Arnprior & McNab/Braeside Archives

A brief history of Robert Simpson Park


In view of the recently released Waterfront Master Plan by the Town of Arnprior, I thought that a brief overview of the history of Robert Simpson Park would be a welcome topic. Whenever I visit the Park, I’m impressed by the sweeping beauty of the site which overlooks the Ottawa River at the mouth of the Madawaska River. When I began my research, I made certain assumptions about the Park but now I have a much better understanding of how the Park was created, developed and maintained over the last 130 years. You may surprised to learn that we once had a commercial vineyard and fruit orchard in Arnprior!


Pointer boat and crew of McLachlin Lumber Firm in Arnprior at the park, with McLachlin Mill visible in background. Photograph taken around 1901.

McLachlin Bros. pointer boat crew and employees at the Town Wharf and Boathouse, circa 1890s. [1996-0072 Ben Frieday fonds]


In the early 1820s, the Laird of McNab and his Scottish settlers transformed the waterfront, when he built his first house on the present day site of the Galilee Centre. It is likely that a wharf and warehouse were also built on the shore below, to store the implements and provisions for the settlers, but no evidence of its presence exists. Thus, our story begins when another man, Daniel McLachlin, a successful lumberman working at the Chaudiere Falls, purchased over 400 acres at Arnprior in 1851.

McLachlin’s enterprise reshaped Arnprior from an abandoned mill site to a thriving Village within ten years. He built an L shaped wharf mid-way between John Street and the mouth of the Madawaska River, which appears on the 1854 Plan of Arnprior by Surveyor John Snow. A later plan, dated 1871, clearly identifies the same structure shown on the earlier map as a Steamboat Wharf. In April of 1867, McLachlin placed an interesting notice to ‘Madawaska Lumberman’ in the Ottawa Daily Citizen, “It was not my intention to allow the use of the road to the Beach or the privilege of camping in the neighborhood, as I require the road and ground for other purposes.” Presumably, he was using the beach for his own logging operations and landing area for steamboats which carried both passengers and supplies to Arnprior.


Rare photograph of the Oregon steamer, dated to around 1846, with crew and the public visible on the front and rear decks..

A rare photograph of the Oregon steamer, possibly taken at its launch by the Union Forwarding and Railway Company in 1846. It operated between Union Village, at the head of Chats Falls, and Arnprior. [2015-0349 Norman B. Gillies fonds]


In May 1875, a lease was drawn up which permitted, John Thompson, a wharfinger (an owner or keeper of a wharf), to erect a second wharf at the foot of John Street. He was directed by the Reeve to charge specific rates for wharfage and storage, which provided revenue for the Village. Travelling by steamer from above Chat’s Falls to Cheneaux was the best form of transportation from the 1840s to the late 1870s. One of the earliest steamers to operate above Chats Falls was the George Buchanan, which was built and launched from Arnprior, in 1836.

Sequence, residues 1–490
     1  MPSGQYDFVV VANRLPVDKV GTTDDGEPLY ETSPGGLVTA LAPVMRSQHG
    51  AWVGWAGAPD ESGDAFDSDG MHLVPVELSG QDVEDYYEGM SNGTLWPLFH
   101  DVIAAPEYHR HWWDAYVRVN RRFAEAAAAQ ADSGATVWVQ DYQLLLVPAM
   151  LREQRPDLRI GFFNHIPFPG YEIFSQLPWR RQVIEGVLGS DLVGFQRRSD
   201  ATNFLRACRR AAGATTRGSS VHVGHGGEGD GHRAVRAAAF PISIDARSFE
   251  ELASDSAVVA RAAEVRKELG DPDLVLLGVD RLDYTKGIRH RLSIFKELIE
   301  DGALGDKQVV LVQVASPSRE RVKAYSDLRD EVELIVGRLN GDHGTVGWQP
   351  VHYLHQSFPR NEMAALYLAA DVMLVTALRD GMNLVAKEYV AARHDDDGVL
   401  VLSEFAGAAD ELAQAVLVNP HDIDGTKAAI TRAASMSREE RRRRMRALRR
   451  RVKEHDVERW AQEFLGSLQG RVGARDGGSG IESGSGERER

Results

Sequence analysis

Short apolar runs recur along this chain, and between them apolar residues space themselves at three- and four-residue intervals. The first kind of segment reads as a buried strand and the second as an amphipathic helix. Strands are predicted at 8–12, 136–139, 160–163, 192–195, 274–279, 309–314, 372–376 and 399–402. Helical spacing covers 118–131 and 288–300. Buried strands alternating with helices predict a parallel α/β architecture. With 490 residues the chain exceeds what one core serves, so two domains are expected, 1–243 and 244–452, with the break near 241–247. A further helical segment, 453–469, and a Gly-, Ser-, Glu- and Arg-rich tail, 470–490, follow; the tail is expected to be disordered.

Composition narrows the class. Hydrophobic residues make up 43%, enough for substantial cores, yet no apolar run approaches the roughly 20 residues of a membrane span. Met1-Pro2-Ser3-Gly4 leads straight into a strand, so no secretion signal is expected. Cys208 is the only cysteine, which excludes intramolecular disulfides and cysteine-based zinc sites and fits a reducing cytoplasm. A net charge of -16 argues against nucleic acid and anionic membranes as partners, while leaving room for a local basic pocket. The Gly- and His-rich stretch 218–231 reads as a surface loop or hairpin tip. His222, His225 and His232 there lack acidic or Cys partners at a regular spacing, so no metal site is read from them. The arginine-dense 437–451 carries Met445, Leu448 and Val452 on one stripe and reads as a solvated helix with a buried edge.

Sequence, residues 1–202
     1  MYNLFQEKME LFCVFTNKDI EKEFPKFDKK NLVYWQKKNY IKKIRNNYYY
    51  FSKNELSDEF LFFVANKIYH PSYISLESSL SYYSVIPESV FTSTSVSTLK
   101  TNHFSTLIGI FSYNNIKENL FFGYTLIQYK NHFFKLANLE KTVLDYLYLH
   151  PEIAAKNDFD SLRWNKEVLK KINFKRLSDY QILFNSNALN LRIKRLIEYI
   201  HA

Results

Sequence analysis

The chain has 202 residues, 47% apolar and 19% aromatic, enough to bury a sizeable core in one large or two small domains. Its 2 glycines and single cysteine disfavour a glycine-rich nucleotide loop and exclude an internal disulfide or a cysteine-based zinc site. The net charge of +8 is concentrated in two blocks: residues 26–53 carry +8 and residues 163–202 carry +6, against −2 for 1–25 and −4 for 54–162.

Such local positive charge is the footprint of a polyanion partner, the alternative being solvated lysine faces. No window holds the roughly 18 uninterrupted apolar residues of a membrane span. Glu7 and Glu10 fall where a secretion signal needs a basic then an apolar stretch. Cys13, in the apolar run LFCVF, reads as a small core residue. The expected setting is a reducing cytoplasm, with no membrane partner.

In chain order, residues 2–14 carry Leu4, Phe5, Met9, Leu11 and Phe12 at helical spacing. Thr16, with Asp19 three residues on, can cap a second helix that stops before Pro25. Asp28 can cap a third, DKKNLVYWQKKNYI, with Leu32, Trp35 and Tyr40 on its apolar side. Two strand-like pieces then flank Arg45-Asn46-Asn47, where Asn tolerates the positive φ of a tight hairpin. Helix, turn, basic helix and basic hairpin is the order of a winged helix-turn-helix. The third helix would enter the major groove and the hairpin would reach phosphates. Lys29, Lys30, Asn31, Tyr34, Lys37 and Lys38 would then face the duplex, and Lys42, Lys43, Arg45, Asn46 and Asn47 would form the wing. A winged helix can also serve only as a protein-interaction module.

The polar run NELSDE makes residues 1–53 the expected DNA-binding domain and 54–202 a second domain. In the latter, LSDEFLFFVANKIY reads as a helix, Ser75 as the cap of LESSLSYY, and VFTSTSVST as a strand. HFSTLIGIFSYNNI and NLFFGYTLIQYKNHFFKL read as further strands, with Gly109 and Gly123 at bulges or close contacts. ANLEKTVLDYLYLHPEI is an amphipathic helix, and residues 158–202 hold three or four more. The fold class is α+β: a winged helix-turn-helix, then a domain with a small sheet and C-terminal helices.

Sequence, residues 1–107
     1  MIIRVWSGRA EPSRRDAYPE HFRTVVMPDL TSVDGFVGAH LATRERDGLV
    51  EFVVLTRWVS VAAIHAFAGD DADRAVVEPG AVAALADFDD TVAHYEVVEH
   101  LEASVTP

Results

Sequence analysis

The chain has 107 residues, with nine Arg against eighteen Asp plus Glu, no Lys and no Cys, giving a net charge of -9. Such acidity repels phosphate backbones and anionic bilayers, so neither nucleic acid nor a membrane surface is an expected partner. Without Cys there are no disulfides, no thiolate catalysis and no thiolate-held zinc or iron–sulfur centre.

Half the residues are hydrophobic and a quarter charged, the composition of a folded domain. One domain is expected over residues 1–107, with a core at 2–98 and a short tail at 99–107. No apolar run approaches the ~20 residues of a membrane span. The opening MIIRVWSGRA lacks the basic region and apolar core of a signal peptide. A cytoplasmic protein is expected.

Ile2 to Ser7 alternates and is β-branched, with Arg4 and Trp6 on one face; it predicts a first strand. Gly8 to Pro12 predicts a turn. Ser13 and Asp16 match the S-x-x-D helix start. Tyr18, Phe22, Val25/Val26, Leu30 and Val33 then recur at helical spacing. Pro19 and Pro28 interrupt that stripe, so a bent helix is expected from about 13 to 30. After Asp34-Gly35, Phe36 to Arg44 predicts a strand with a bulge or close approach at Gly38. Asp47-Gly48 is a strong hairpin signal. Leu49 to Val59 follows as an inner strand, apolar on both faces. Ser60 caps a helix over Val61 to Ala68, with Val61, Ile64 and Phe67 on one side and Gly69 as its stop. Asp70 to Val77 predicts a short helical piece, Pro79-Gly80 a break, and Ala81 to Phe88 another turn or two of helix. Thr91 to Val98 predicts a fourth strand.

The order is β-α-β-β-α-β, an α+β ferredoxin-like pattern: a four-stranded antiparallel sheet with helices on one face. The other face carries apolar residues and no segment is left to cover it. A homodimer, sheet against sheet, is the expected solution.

Map of Renfrew Fruit & Floral Company, including the waterfront area and the location of Edgewood house.

Edgewood house and the grounds stretched from Usborne Street (once parallel to Ewen, it no longer exists) to the Beach. Adapted by D. Forsyth from Canadian Illustrated News Vol. XVIII No. 20 Image No. 68407


Daniel McLachlin’s daughter Jessie married John Usborne, son of merchant George Usborne of Portage-du-Fort in 1871. Two years later, they began construction of a large Victorian house at the top of the hill on the east side of John Street which they named Edgewood (for more information about Edgewood House, click here). Usborne, as Managing Director of the Renfrew Fruit and Floral Company, advocated planting regional varieties of fruit trees to local farmers. He planted a large vineyard, several varieties of fruit trees and extensive flower gardens throughout the area that now forms Robert Simpson Park. A wind-mill pump forced water from the Chats Lake up to a huge vat hidden under the mature pine trees at the top of the hill, which then gravity-fed water throughout the property. His large fish pond and fountains beside his house must have been a novelty in Arnprior in the early 1880s. John and Jessie left Arnprior between 1888-1891, when John found a different calling as an Anglican priest in Toronto and later in Honolulu, Hawaii.


Photograph of the Hornidge family, including Charles Hornidge, Cecilia, their sons Frederick and William, as well as Heter Hornidge in a white dress, who worked as a governess for the Usborne children in the 1880s. The photograph was taken around 1900.

Edgewood Head Gardener Charles Hornidge (far left) with his wife Cecilia, and sons Frederick and William, circa 1900. Hester Hornidge (white dress) worked as a Governess for the Usborne children in the 1880s. [2005-0179 Linda Chandler fonds]


The Town of Arnprior purchased the abandoned Edgewood from descendants of Daniel McLachlin in 1938. Municipal leaders at the time stressed that the park they envisioned was intended for use as a residential park and would not be used as a campsite by tourists. Mayor Alexander Reid stated, “I feel if we take this step, the people will look back at the 1938 council with the thought that they really accomplished something for the benefit of the Town.” While the Park was under the jurisdiction of the Town Council, a Committee was formed of community members interested in the care and upkeep of the Park. The Committee asked the Agricultural Society for suggestions about how to beautify the property and hired Charles Hornidge, former gardener for the Usborne’s, to be the Park Supervisor. When work began to clean up the park in 1938, the crew discovered several pools and underground pipes leftover from the gardens of Usborne’s Renfrew Fruit & Floral Company.